“For NRAs with limited resources, an additional transitional period may exceptionally be needed in order to prepare the recommended cost model. In such circumstances, if an NRA is unable to demonstrate that a methodology (e.g. benchmarking) other than a bottom-up LRIC model based on current costs results in outcomes consistent with this Recommendation and generates efficient outcomes consistent with those in a competitive market, it could consider setting interim prices based on an alternative approach until the 1 July 2014 . . . Any such outcome resulting from alternative methodologies should not exceed the average of the termination rates set by NRAs implementing the recommended cost methodology.”
114. Secondly, it must be highly questionable whether the use of an arithmetical short cut of adopting the average of the rates that happened to be available from other NRAs who have fixed rates by reference to the recommended LRIC methodology at the time when the decision comes to be made by the NRA is a “methodology”. As indicated in para. 46 above, a variety of alternative methodologies were subjects of discussion during the consultation process and are considered by ComReg in its decision. In the judgment of the Court, the apparent meaning of the terms used by the Commission in recital (22) and para. 12 of the 2009 Recommendation is that an NRA which happens to have one of the other recognised methodologies available to it, but lacks the time and resources to establish the Bottom-Up LRIC model prior to the 31st December, 2012, is permitted to base its rates on its existing methodology provided its rates are reduced to the average of NRA termination rates elsewhere if that alternative methodology produces a higher figure.
115. However if, as ComReg has argued, the benchmarked rates it has set do comply with what the Recommendation has authorised and that the Commission has accepted them on that basis, the adoption of the benchmark approach is, in the judgment of the Court, nevertheless ultra vires the Regulations and the Directives for the following reason.
116. The Court has found above that the adoption of such a benchmarking approach based upon a simple average of the rates set by a limited number of other NRAs is not compatible with or authorised by the relevant legislative provisions. In the judgment of the Court, a recommendation issued by the Commission on the basis of Article 288 TFEU cannot amend, alter or extend a legislative measure such as a directive adopted by the European Parliament and the Council. By definition, a recommendation has no binding force. It cannot therefore bind an addressee to adopt a measure or accept an obligation not provided for in the relevant legislative measure.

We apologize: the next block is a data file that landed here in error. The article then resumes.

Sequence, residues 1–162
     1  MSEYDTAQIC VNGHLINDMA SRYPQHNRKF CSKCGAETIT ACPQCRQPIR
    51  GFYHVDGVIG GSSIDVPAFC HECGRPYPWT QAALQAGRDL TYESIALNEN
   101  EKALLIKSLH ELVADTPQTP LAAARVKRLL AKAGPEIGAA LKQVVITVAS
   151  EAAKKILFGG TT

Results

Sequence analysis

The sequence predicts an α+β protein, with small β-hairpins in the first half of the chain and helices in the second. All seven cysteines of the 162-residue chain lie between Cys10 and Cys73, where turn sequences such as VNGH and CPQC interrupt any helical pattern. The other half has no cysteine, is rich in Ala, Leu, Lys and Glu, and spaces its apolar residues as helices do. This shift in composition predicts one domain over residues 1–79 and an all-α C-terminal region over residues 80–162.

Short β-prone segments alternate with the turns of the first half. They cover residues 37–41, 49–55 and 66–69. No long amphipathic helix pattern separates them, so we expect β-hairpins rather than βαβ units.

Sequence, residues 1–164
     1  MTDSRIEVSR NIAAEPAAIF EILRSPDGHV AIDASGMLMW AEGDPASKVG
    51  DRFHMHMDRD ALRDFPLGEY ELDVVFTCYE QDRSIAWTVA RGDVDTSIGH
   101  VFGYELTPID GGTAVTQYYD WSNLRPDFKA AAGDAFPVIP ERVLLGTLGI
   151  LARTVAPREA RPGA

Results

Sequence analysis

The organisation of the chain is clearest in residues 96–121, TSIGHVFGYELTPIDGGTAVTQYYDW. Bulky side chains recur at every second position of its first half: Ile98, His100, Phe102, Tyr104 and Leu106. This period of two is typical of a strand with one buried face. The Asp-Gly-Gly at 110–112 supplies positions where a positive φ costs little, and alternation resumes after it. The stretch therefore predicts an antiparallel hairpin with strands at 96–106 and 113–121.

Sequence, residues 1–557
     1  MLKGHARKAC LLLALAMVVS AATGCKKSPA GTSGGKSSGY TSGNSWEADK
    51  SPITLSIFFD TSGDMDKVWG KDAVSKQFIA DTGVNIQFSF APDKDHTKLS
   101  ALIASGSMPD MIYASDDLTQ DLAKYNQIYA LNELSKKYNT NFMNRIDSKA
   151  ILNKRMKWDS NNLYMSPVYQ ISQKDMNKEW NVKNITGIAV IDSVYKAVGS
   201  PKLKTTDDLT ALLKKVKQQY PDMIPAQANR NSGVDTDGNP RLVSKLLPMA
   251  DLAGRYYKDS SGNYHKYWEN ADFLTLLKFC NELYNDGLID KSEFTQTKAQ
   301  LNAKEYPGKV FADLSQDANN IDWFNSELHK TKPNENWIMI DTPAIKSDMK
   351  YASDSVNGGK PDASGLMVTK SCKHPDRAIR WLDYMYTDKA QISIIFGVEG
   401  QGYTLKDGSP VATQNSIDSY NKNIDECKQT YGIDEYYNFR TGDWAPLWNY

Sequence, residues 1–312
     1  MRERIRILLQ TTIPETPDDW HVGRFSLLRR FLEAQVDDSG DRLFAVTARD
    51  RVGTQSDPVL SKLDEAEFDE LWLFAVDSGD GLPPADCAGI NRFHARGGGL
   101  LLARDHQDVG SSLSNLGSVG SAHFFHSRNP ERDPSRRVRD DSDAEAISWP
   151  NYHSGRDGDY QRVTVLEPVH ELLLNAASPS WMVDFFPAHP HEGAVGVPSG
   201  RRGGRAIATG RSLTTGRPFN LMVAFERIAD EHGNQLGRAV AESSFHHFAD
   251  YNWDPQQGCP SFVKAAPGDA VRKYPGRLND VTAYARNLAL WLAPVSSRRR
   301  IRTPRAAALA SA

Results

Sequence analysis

117. It is true of course, that the case law of the Court of Justice of the European Union in relation to the legal character and effect of recommendations indicates that while they have no binding force, they are not wholly without legal effect. In its judgment of the 13th December, 1989 in Grimaldi v. Fonds des maladies professionnelles (Case C-322/88)  E.C.R. 4407 at para. 16, the Court of Justice held:-
118. While the Court of Justice has not in that case or elsewhere defined with any precision the nature and scope of the potential residual legal effect of a recommendation, it is clear that it must be treated by national courts as an authoritative source of interpretation or clarification when issued in order to assist Member States as addressees of a legislative measure in the implementation of that measure. An example of that in this jurisdiction is to be found in the judgment of Edwards J. in Environmental Protection Agency v. Neiphin Trading  2 I.R. 575.
“16. In these circumstances there is no reason to doubt that the measures in question are true recommendations, that is to say measures which, even as regards the persons to whom they are addressed, are not entitled to produce binding effects. Consequently, they cannot create rights upon which individuals may rely before a national court.
17. In this regard, the fact that more than 25 years have elapsed since the first of the recommendations in question was adopted, without its having been implemented by all the Member States, cannot alter its legal effect.
18. However, in order to give a comprehensive reply to the question asked by the national court, it must be stressed that the measures in question cannot therefore be regarded as having no legal effect. The national courts are bound to take recommendations into consideration in order to decide disputes submitted to them, in particular where they cast light on the interpretation of national measures adopted in order to implement them or where they are designed to supplement binding Community provisions.”
119. In the judgment of the Court, however, the passing reference in parenthesis to “e.g. benchmarking” in recital (22) of the 2009 Recommendation cannot be taken as a mere interpretation or clarification of the measures adopted or the procedures to be followed under the Directives if it is the case that the European Commission concedes or intends that para. 12 of the Recommendation was to operate so as to exempt Member States from compliance with the methodologies and procedures for the imposition of price controls in the Access Directive.